In The Know: Feds warn Oklahoma officials not to enforce immigration law | Lawmakers look to expand religion in schools | School textbooks require ‘traditional’ gender roles, respect for religion | License plate dust up causes heartburn with Tribes

In The KnowIn The Know is your daily briefing on Oklahoma policy-related news. OK Policy encourages the support of Oklahoma’s state and local media, which are vital to an informed citizenry. Inclusion of a story does not necessarily mean endorsement by the Oklahoma Policy Institute. Some stories included here are behind paywall or require subscription. Subscribe to In The Know and see past editions.

New from OK Policy

Public budget discussions are an opportunity to gain a better appreciation of the state budget process (Capitol Update): For those with interest and time to watch, the negotiations are an opportunity to gain a better appreciation of the state budget process and those who write the budget. If nothing else, the people watching have been treated, for the most part, to civil discussions by knowledgeable legislators doing the work they were elected to do to the best of their ability. [Steve Lewis / Capitol Update]

Oklahoma News

Feds warn Oklahoma officials not to enforce immigration law, threaten lawsuit: The Department of Justice has warned state leaders that their recently minted immigration law targeting undocumented immigrants is unconstitutional. [Oklahoma Voice]

  • Federal government plans to sue Oklahoma over new immigration law [KOSU]
  • Oklahoma clashes with federal government over new immigration law: Battle over HB 4156 intensifies [The Latin Times]
  • Oklahoma’s new immigration law faces two potential lawsuits [The Oklahoman]
  • House Bill 4156: Oklahoma Officials Rebuke DOJ’s Lawsuit Threat [The Black Wall Street Times]
  • OK Republicans push back against Biden Administration’s attack on state’s new immigration law [KSWO]

State Government News

Experts offer mixed views on Oklahoma’s economic strides as argument for tax cuts: According to a study by the Center on Budget and Policy Priorities, some states that cut income taxes earlier in the 2000s didn’t achieve economic growth, and some saw declines. [Tulsa World]

Legislature sends governor revised domestic violence bill: A measure allowing judges more discretion in the sentencing of domestic violence victims who commit violence against their abusers is headed to the governor after passing the Oklahoma House of Representatives on Monday. [Tulsa World]

Opinion: Oklahoma’s ‘anti-ESG’ law is a saber-rattling policy that harms more than helps: As an economist, I’ve long argued that policymakers must take a comprehensive, evidence-based approach when evaluating the merits of legislative proposals. Too often, lawmakers become myopically fixated on their intended objectives, failing to consider the broader implications of their actions. The recent case of Oklahoma’s Energy Discrimination Elimination Act (EDEA) provides a prime example of this tendency ― and the unintended consequences that can ensue. [Travis Roach / The Oklahoman]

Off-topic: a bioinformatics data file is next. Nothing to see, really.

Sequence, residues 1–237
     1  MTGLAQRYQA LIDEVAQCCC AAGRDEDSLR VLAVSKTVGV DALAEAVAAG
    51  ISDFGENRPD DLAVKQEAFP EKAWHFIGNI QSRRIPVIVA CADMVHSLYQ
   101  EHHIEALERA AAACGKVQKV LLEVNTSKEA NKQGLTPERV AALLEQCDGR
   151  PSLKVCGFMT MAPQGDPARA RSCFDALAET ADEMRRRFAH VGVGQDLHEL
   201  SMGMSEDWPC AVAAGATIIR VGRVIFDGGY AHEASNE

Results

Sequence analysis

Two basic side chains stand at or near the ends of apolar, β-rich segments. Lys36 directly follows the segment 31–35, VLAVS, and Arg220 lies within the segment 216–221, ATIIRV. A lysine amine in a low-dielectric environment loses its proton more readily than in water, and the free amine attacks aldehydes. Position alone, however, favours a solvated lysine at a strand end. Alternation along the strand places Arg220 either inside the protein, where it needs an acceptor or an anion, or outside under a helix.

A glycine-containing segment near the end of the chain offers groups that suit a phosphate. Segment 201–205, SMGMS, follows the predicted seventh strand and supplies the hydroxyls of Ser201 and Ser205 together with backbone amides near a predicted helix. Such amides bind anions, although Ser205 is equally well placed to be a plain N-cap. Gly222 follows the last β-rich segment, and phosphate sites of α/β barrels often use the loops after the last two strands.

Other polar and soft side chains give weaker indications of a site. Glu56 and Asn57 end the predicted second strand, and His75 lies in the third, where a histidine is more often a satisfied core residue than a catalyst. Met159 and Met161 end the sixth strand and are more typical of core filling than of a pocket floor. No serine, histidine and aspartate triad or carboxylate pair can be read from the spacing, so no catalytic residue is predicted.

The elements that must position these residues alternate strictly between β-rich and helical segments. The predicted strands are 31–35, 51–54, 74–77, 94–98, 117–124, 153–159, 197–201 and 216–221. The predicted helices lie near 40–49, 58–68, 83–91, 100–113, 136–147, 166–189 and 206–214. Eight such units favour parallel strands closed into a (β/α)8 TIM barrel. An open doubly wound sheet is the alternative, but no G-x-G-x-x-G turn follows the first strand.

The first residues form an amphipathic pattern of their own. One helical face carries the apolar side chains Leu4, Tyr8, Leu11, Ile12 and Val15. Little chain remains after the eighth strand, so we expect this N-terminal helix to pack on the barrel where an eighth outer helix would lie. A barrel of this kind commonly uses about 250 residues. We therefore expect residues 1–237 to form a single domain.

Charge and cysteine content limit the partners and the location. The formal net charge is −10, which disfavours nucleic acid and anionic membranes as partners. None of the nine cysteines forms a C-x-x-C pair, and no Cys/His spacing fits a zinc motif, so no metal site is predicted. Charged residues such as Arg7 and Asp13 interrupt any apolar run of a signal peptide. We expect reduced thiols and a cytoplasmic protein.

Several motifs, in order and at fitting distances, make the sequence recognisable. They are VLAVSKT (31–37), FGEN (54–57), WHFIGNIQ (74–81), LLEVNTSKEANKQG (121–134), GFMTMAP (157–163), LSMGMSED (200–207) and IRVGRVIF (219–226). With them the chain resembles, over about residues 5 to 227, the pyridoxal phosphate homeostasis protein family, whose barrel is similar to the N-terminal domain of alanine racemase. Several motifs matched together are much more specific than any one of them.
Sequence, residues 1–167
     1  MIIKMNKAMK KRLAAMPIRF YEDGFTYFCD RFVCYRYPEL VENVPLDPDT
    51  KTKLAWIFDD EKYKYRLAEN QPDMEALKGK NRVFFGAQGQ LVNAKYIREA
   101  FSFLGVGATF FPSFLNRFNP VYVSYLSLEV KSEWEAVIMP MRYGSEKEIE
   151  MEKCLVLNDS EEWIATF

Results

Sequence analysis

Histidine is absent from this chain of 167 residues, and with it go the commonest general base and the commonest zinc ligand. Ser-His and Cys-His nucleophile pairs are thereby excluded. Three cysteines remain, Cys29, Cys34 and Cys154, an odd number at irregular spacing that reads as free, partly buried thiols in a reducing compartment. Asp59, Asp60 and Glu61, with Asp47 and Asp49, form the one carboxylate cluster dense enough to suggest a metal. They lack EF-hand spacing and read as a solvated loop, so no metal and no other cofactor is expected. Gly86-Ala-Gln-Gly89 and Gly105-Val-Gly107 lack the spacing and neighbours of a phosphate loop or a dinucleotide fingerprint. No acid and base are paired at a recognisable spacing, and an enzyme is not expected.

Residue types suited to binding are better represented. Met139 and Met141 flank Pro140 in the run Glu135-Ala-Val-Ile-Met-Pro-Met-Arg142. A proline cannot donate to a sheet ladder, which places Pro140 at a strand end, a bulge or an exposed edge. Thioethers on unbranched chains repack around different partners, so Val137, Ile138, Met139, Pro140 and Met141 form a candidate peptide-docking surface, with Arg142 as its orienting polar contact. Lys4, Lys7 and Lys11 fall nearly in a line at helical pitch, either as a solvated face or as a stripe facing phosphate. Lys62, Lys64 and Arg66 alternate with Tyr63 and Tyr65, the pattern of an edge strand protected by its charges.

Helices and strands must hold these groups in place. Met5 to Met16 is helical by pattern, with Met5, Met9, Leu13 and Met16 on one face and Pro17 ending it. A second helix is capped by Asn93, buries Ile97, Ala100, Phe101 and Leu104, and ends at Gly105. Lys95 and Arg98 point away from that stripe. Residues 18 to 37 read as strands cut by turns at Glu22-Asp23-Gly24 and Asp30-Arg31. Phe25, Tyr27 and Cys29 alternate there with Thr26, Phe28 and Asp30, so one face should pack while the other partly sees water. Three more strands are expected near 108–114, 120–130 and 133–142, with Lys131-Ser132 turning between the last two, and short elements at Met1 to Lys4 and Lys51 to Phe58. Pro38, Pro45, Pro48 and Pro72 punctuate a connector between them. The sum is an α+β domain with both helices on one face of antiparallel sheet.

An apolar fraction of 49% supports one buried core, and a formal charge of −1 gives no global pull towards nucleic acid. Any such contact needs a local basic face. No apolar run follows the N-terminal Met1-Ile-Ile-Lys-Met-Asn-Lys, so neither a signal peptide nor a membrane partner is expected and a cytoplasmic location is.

Federal Government News

Biden to announce 1 million claims granted for VA benefits under toxic exposure law: President Joe Biden is set to announce in New Hampshire on Tuesday that 1 million claims have been granted for benefits under the toxic exposure law that Congress approved less than two years ago, following the military’s use of open air burn pits in Afghanistan and Iraq. [Oklahoma Voice]

Tribal Nations News

Choctaw Nation gets grant for energy projects: The Choctaw Nation is receiving $5 million from the U.S. Department of Energy to install a battery storage system and make their tribal facilities more energy efficient. [KGOU]

Gov. Kevin Stitt wants Oklahoma to print tribal license plates. Some aren’t buying it: Gov. Kevin Stitt and some Oklahoma legislative leaders want more tribes to let the state issue their license plates to gain direct access to tribal citizens’ car tag and registration information. [The Oklahoman]

  • Some tribes aren’t sharing information with Oklahoma law enforcement amid license plate dust up [Oklahoma Voice]

Joint committee unanimously approves vehicle, tag compacts with Chickasaw, Choctaw Nations: Oklahoma lawmakers on Monday approved motor vehicle registration and license tag compacts with two of the Five Civilized Tribes. [Journal Record]

Trial begins to determine damages from construction of Osage County wind farm: A trial got underway Monday in Tulsa federal court to determine how much in damages an Italian energy company should pay for failing to obtain a mining permit before it erected an 84-turbine wind farm in Osage County. [Tulsa World]

Health News

Abortion numbers grow as telehealth and shield laws increase access: Oklahoma, which has had a total abortion ban for most of the 18-month period, has seen monthly abortions go from around 310 pre-Dobbs to zero between July 2022 and December of last year. [KOSU]

Why Medicaid expansion in the South failed: Southern Republican-led states looked at expanding Medicaid this year to help cover more people who can’t afford health insurance. And even though those efforts made some headway, they struggled to overcome the politics. [NPR]

Criminal Justice News

‘Slap in the face’: Legislative fight over DPS training center roils commissioner: A suggestion by the Oklahoma State Senate’s floor leader to pull back funding on a training center long sought by the Department of Public Safety is an insult to troopers and other law officers who currently use outdated facilities not originally intended for teaching driving and other skills, Department of Public Safety Commissioner Tim Tipton said Monday. [NonDoc]

  • Tense budget negotiations leave DPS chief concerned about funding for a training facility [The Oklahoman]